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The Medicine of the Mind

Program offers people a new (old) tool for fighting cancer

The power of the mind can be strong medicine. Through the Cancer Integrative Medicine Program at Rush University Medical Center, people who are battling cancer can learn to harness this power to promote healing.

TRADITIONAL MEDICINE REBORN The idea that the mind plays a role in physical health isn’t new. It can be traced to Hippocrates, who is often called the father of medicine, says Janine Gauthier, PhD, director of clinical services at the Cancer Integrative Medicine Program. But with the discovery of antibiotics and the invention of valuable medical tools such as the microscope and stethoscope, the focus of Western medicine turned to science and technology.

Unquestionably, technological advances have improved health care. However, experts increasingly realize that there may be something to those older ideas concerning the mind’s role in health. Scientific studies have now firmly established connections between the mind, body and well-being. Everyday experiences also demonstrate this link.

Think about being cut off while driving, Gauthier says. It may cause you to gasp, which triggers a reaction that makes your muscles tense, your heart rate accelerate and your blood pressure rise. That’s a protective response to help you deal with a threatening situation. But when you’re facing the ongoing stress of a cancer diagnosis, similar prolonged reactions can alter hormone levels and make your body less able to fight off internal threats — all at a time when you need that ability the most.

The Cancer Integrative Medicine Program makes use of several nonconventional treatments, including long-established medical therapies of other cultures, such as acupuncture. It also encourages you to take a more active role in your health care by using your mind to bolster your body’s ability to fight disease.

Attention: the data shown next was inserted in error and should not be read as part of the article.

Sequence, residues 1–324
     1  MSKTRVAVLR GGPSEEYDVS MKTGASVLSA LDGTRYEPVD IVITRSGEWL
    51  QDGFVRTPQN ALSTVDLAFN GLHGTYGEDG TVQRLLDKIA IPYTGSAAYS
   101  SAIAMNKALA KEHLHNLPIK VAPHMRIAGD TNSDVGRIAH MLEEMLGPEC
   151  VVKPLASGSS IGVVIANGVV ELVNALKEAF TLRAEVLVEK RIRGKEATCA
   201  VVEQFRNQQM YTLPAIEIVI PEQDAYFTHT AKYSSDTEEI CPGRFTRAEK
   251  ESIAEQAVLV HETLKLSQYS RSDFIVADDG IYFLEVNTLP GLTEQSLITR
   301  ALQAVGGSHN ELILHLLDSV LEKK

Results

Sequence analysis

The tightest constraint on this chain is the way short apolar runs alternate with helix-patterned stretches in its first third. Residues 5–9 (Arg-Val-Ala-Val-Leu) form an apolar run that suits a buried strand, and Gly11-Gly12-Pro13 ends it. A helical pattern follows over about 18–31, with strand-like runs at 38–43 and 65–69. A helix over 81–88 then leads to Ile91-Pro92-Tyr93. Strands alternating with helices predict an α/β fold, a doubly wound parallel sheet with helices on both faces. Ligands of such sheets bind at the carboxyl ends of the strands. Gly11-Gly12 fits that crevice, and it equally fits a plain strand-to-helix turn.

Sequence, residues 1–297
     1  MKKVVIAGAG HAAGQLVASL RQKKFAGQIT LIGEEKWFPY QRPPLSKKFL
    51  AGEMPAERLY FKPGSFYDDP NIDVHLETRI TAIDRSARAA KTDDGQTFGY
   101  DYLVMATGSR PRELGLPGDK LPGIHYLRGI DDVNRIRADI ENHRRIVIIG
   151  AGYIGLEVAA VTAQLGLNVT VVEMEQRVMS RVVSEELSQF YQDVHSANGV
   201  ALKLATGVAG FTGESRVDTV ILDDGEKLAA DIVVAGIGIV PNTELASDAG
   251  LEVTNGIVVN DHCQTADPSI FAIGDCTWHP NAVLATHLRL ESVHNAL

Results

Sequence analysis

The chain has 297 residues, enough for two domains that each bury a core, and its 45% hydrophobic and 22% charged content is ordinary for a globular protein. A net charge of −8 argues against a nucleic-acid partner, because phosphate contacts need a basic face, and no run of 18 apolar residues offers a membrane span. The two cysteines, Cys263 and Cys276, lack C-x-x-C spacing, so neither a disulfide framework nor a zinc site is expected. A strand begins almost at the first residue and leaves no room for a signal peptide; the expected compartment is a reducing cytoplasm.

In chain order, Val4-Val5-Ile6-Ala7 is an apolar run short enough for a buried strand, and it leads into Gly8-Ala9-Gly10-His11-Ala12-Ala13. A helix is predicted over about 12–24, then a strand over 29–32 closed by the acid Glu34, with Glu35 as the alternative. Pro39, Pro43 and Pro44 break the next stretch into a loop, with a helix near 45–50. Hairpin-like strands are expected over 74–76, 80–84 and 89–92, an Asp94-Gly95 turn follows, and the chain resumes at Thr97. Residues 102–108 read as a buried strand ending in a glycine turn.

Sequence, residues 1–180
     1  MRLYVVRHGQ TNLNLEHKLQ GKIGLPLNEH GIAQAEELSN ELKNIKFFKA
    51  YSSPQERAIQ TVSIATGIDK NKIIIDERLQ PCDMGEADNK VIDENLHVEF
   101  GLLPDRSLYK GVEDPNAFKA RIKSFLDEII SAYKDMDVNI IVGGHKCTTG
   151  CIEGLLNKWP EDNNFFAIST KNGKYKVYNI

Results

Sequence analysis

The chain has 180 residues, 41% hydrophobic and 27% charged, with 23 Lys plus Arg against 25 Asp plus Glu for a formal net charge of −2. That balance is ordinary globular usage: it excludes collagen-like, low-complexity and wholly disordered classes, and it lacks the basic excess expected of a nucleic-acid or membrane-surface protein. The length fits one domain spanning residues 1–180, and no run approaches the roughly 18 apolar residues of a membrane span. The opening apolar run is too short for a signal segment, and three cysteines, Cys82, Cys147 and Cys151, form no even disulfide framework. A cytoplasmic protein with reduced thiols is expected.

Some therapies are intended to help you challenge your perceptions of your situation, in order to lessen your stress and reduce the toll that stress takes on your body. Several therapies use breathing exercises or other strategies to help you relax.

A HOLISTIC APPROACH The program offers a wide variety of services, including nutrition and herbal counseling. All therapies and services are integrated into your conventional medical care — they never replace it.

Program staff work with you to determine which services might be useful in dealing with stress, anxiety, pain, fatigue and the side effects of treatment. Providers also work closely with your physicians to ensure that each chosen therapy is right for you. It’s all part of Rush’s commitment to treat the whole person, not just his or her illness, and it may lead to improved mood and coping skills, reduced pain and a better quality of life.

To learn more about the Cancer Integrative Medicine Program, call (888) 352-RUSH (7874).

Janine Gauthier, PhD, also serves as director of the Section of Psychosocial Oncology at Rush University Medical Center. Her research interests include integrative medicine, health-related quality of life, spiritual issues and coping in cancer patients.


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